Cleaning Our Toxic World with Hemp

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Photo by Getty Images/Aleksander_Kravitsov

Phytoremediation. It’s the process of using plants to clean soil that we’ve polluted with heavy metals or radioactive material. The United Nations declared phytoremediation to be a “low-cost, solar-energy-driven cleanup technique” and “useful for treating a wide variety of environmental contaminants.”

For cleansing the soil, hemp makes an excellent choice because of its high biomass, long roots, and short life cycle. Ilya Raskin, one of the early pioneers of phytoremediation — in fact, he coined the term in his 1991 Superfund grant proposal — used hemp in some of his earliest work. With the Ukrainian Academy of Agrarian Sciences and his firm, Phytotech, Raskin planted hemp around Chernobyl to remove caesium-137 from the radioactive soil. This early effort led to a host of research around the world to study how hemp decontaminates soil.

In 2001, a team of German researchers found that hemp grew just fine in soil containing the poisonous heavy metal cadmium. When the hemp plants matured, the highest concentrations of cadmium were found to have accumulated in the leaves, and the plants could then be burned in a controlled manner to safely remove the contaminant. This represented a potentially more cost-effective option for low-level contamination sites than the usual pricey process of digging all the soil out of the ground and hauling it off.

Photo by Adobe Stock/creativefamily

The next year, a group in Hawaii demonstrated the ability of hemp plants to remove two polycyclic aromatic hydrocarbons (PAHs), chrysene and benzo[a]pyrene, from the soil. In 2004, a Bulgarian team planted hemp at various distances from Non-Ferrous Metal Works near Plovdiv. They found that the plants acted as bioaccumulators that sucked up the heavy metals. The highest heavy-metal concentrations were found in the roots, followed by the stems, leaves, and seeds. When a Czech group examined 28 different plant species in 2004 for potential use for radio-phytoremediation, they planted them in an old uranium mill tailings waste depot. At the conclusion of the study, the researchers found hemp to possess the best radioactive uptake.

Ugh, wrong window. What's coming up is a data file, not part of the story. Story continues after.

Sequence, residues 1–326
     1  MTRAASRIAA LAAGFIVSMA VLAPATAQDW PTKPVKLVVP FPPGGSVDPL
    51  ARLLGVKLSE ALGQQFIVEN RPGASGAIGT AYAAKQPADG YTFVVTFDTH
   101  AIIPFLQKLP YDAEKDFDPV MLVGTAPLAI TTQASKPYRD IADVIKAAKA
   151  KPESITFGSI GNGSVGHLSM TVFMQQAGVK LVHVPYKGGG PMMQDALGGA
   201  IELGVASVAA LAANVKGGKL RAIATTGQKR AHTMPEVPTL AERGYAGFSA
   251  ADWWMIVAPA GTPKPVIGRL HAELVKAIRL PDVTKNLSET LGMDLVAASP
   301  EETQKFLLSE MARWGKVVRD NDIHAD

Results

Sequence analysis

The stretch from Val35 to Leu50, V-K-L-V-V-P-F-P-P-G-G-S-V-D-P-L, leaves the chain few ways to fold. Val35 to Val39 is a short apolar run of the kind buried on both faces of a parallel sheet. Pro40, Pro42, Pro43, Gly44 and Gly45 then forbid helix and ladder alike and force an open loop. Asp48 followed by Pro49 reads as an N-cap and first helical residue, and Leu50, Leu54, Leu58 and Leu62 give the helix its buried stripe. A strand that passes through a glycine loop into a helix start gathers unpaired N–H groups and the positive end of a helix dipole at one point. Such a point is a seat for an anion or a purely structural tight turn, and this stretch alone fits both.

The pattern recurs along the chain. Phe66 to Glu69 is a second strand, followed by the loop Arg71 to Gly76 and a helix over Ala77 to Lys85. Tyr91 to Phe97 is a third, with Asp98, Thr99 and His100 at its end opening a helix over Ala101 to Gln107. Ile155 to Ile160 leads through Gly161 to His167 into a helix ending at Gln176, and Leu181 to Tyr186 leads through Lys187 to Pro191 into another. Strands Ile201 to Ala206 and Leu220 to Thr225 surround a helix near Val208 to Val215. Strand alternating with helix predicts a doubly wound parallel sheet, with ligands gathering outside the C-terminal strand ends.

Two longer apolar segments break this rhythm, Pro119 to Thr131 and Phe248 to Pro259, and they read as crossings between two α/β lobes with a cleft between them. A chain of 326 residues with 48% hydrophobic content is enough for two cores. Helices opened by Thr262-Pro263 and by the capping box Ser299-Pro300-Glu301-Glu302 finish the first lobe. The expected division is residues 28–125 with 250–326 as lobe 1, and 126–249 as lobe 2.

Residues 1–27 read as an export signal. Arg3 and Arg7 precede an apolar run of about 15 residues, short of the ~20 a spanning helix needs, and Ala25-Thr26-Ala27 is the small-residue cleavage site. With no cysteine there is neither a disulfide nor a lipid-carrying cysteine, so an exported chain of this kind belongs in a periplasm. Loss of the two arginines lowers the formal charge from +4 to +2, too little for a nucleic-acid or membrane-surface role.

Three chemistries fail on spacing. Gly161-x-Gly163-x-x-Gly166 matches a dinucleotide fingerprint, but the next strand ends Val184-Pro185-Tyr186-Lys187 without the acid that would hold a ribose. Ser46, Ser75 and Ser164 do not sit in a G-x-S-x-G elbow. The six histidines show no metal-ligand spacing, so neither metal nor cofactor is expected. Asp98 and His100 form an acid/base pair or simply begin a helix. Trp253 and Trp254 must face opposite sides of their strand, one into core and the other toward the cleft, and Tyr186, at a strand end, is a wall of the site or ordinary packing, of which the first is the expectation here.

More recently, groups in China found similar results for zinc and cadmium removal. In a report from 2012, a team in Huaibei published results on the efficacy of different hemp varieties at removing cadmium from contaminated soil. Of the 18 cultivars, or strains, tested, only ‘USO-31,’ ‘Shenyang,’ and ‘Shengmu’ didn’t grow well. However, ‘Yunma 4,’ ‘Qujing,’ ‘Longxi,’ ‘Lu’an,’ ‘Xingtai,’ and ‘Shuyang’ showed great biomass, little pigment reduction, and for some, higher concentrations of the toxic cadmium in roots and shoots. In the future, the harvesting of these plants and their offsite disposal at a proper radionucleotide site can allow for safe soil usage once again.

In the Italian town of Taranto — the site of Ilva, the biggest steel plant in Europe — the production of steel poisoned the local environment so thoroughly that in 2008, government officials were forced to have farmers cull any animals brimming with high levels of nickel, lead, and other toxic metals. Now, no one is allowed to graze their animals within 12 miles of the old steel plant.

Photo by Wikimedia Commons/Pawe? ‘pbm’ Szubert

To revive Italy’s long history with hemp farming (in the ‘50s, only the Soviet Union produced more), a local startup named Canapuglia, led by a hemp-lover named Claudio Natile, gathered the whole community together to clean the soil. “We went to the schools, spoke to the priests, to the farmers, and even to the local military police [to explain] what we were going to use this plant for,” Natile says in an interview from Slate’s article “Hemp and Change.” “The day we planted the seeds, we invited all of them.”

After five years, Natile and the team saw 300 hectares under cultivation and 100 farmers planting hemp. The plant is only used for industrial processing, and the seeds aren’t eaten because they could be contaminated, but each successive generation repairs the soil a little bit more.

Lex Pelger writes graphic novels about the endocannabinoid system based on Moby Dick; or, The Whale, and works as the director of education for CV Sciences.

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